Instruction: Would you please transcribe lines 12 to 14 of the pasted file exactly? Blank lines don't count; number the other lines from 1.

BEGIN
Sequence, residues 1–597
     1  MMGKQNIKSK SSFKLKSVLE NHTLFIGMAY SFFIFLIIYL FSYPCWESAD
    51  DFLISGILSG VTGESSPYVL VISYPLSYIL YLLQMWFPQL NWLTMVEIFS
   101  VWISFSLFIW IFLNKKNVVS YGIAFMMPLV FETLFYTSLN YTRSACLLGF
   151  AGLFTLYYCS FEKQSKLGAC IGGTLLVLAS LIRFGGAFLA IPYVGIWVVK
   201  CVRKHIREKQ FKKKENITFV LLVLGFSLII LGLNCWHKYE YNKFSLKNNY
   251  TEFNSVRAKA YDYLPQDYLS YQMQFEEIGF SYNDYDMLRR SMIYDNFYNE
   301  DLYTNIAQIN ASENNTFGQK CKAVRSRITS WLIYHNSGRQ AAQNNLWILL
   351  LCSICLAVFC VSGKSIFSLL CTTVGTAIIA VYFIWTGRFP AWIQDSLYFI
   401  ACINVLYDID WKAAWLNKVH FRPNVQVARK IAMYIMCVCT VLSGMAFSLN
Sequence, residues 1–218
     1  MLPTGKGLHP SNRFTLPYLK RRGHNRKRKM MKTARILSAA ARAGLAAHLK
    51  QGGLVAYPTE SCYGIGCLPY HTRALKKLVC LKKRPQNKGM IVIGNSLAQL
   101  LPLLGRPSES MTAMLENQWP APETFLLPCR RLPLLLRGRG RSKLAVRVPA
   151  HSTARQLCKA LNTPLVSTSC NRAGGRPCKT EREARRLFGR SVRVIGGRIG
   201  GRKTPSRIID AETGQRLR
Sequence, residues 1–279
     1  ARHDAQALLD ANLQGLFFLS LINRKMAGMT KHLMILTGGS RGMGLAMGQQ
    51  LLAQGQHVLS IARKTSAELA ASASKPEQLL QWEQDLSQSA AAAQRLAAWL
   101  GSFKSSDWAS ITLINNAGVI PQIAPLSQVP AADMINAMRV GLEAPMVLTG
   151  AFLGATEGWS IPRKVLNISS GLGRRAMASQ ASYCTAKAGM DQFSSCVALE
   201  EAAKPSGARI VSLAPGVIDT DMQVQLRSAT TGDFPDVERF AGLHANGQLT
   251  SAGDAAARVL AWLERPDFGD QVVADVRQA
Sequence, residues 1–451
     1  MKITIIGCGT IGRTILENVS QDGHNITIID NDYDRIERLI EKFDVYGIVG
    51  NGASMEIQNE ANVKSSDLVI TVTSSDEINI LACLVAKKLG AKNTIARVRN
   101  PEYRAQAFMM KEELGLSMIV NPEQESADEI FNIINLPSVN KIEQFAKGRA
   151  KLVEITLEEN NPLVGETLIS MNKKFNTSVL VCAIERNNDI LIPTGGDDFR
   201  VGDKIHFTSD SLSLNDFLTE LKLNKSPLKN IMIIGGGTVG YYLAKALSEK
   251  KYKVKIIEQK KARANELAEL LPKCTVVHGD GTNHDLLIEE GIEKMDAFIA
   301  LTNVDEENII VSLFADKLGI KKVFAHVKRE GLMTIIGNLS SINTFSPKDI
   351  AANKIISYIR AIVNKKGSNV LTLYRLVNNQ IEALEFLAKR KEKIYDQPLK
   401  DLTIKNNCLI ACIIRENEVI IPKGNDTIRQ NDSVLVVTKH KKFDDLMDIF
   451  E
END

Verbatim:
     1  MLPTGKGLHP SNRFTLPYLK RRGHNRKRKM MKTARILSAA ARAGLAAHLK
    51  QGGLVAYPTE SCYGIGCLPY HTRALKKLVC LKKRPQNKGM IVIGNSLAQL
   101  LPLLGRPSES MTAMLENQWP APETFLLPCR RLPLLLRGRG RSKLAVRVPA